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THE PERFORMANCE: Bill Nighy

Bill Nighy pretty much lived this role

'Pirate Radio' listens to the music that rocked 1960s England, even though it was blockaded by polite society. The actor knows the era well.

November 12, 2009|Michael Ordona

Bill Nighy's journey to mid-'60s England began in, of all places, mid-'60s England. As a teen, he left home for Paris to write, came back unwritten, then became an actor, later to play a key (imaginary) figure in the very music that transformed him as a youth. But let's start with Bill the Mod.

"Mods loved black American music: Stax, Atlantic and Tamla Motown," says the actor in a quiet, cultured voice at a table at L'Ermitage. "You had a half-inch all-over haircut. You wore Ravel loafers and trousers of the cigarette type but slightly too short, and I regret to say this, and I'm embarrassed and ashamed, but with . . . colored socks."

The Nighy of Now, looking sensibly chic in a black suit and, one presumes, black socks, has teamed with writer-director Richard Curtis for a third go-round, this time for "Pirate Radio." The new comedy concerns the British empire's virtual radio blackout in the '60s of the Stones, the Who and their ilk, birthing a rebel alliance of offshore rock 'n' roll stations, many on ships anchored in the international waters of the North Sea.

"They were still playing your parents' music, which was basically people in evening dress, standing very still, singing about the stars. Within about three years, you had Jimi Hendrix burning his guitar," Nighy says, still relishing the revolution.

Nighy's character Quentin is the owner of one such rocking boat, King Bee to a hive of DJs played by the likes of Philip Seymour Hoffman, Rhys Ifans and Rhys Darby (the last known for "Flight of the Conchords").

"I'm not famous for my back story investigations; I'm lucky that I work with good writers and it's usually in the script. But we speculated, Richard and I, that with a name like Quentin, if you're English, unless your parents are deeply eccentric, it probably means you are what they used to call 'high born.' In other words, from an old, established British family. And he's almost certainly the black sheep -- just wearing those clothes would isolate him. We speculated perhaps he stole a Canaletto or a Rembrandt from the family's stately home to buy the boat. He's got a few quid from somewhere. He wouldn't think of it as stealing; he'd think of it as part of his heritage."

And with that, he'd have launched his outlaw station. "Twenty-two million people tuned in every day. So that was basically everyone under 30. And the government did this cool thing and made it illegal. You got outlaw status just by tuning in."

But back to the Nighy of Then, the 14-year-old Mod who longed to write like Ernest Hemingway, a Stax/Volt devotee who happened upon Bob Dylan's first album and, over the next couple of years, thought he found the answer (my friend):

"I had no tradition with folk music, but for some reason, apart from the fact that Dylan is now revealed as a genius and he transcends all genres and forms, he blew my mind, as we used to say in the old days. And I left home pretty much as the result of that. I threw my suitcase out the window. I could have used the front door but I didn't want to have that conversation with my dad. I was 16. I was an average mess. I didn't have a useful thought in my head, really. I'd read a lot of books.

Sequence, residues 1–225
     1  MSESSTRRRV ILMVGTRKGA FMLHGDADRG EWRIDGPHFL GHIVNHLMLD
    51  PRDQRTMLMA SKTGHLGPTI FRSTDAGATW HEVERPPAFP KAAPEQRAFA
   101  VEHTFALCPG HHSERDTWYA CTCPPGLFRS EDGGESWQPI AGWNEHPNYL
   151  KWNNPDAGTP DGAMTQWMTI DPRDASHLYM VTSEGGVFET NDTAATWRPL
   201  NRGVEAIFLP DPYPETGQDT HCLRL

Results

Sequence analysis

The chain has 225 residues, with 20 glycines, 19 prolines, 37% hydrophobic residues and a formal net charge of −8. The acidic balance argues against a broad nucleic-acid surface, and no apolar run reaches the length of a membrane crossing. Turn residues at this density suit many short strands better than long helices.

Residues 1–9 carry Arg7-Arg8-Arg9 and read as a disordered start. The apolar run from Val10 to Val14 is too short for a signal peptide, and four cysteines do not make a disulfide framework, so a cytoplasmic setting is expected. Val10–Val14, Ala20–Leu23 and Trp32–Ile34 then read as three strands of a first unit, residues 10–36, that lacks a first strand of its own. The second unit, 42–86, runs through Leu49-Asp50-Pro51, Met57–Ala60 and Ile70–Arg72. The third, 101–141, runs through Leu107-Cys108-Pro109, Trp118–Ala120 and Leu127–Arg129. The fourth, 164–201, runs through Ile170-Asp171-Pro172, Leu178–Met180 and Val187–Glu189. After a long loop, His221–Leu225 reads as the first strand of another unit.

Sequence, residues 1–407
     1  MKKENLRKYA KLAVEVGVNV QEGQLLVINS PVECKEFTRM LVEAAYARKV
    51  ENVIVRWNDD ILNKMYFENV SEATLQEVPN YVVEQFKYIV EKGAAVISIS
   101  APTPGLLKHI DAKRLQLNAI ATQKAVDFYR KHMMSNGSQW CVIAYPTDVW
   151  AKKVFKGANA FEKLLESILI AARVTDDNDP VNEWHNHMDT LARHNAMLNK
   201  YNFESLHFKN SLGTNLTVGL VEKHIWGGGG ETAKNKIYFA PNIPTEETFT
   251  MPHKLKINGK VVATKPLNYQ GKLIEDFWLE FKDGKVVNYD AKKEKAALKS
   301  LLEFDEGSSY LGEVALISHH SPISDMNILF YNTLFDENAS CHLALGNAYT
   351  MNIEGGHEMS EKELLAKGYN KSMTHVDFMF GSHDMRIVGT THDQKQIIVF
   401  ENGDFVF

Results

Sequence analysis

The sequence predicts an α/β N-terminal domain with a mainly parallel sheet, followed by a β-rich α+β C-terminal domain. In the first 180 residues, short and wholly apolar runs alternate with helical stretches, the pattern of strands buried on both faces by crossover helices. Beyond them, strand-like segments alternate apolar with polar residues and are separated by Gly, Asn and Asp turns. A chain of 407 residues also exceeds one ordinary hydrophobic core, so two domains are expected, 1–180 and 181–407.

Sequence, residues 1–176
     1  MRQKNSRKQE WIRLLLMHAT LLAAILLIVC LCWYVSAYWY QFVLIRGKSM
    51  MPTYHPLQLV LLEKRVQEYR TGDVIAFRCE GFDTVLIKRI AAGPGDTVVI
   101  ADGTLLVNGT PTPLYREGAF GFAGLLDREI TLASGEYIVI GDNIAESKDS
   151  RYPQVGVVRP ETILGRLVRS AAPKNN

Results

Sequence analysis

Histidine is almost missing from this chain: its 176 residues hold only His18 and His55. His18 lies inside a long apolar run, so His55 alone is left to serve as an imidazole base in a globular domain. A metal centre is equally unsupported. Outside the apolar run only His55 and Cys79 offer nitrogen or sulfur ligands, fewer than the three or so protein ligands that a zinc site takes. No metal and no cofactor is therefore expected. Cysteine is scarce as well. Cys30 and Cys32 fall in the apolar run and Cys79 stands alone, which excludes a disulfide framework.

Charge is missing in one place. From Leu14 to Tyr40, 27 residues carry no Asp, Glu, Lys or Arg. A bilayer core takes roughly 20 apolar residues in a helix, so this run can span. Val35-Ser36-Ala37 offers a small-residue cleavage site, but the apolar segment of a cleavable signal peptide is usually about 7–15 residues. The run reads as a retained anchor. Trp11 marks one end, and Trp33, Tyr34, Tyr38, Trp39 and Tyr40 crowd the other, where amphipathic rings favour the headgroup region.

"And I went to Paris for the other half of my enthusiasm, which was to be like Ernest and write in short, beautiful sentences that would get me a girl."

He and the theoretical "future Mrs. Nighy" did not rendezvous in Paris. So he went back to England, where he tried several jobs until happening into acting.

The new film, says Nighy, is really about "decency and friendship. Richard Curtis is a believer. When a movie is called 'searingly honest,' it's almost invariably grim and demonstrates how bad things can get. Richard likes to try to make a searingly honest movie that tells you how good things can be.

"And it's a shameless excuse to play all his favorite records from his favorite year."

Nighy of Now is far from nostalgic about the period, not the type to cast longing looks back.

"I do love the scene when Philip Seymour has a speech about how people think in retrospect, 'Those were the days of my life.' And he says, 'These are the days of my life.' I love that notion," he says.

"I'm working on the idea that the celebrations can already begin. Instead of going into the past, looking for clues, or wandering into the future, unaccompanied, just trying to remain in the day and experience it fully."

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Where you've seen him

Among the nearly 100 chances so far to watch Bill Nighy: nervously conspiring with Tom Cruise in "Valkyrie," lording it over Kate Beckinsale and the other sexy vampires in the "Underworld" movies, broguing it up under tentacles in the "Pirates of the Caribbean" sequels, and rocking incorrigibly in Richard Curtis' "Love Actually." He points to his role in the HBO film "The Girl in the Cafe" (written by Curtis) as a favorite: "It was refreshing to play somebody who was disabled by self-consciousness, reserved to the point of isolation. And to gentle comic effect. I'm interested in those kinds of undercover comedy performances. One of my favorite films of all time is 'Punch-Drunk Love.' I wrote 'Adam Sandler' at the beginning of my script in 'Girl in the Cafe.' "

-- Michael Ordona

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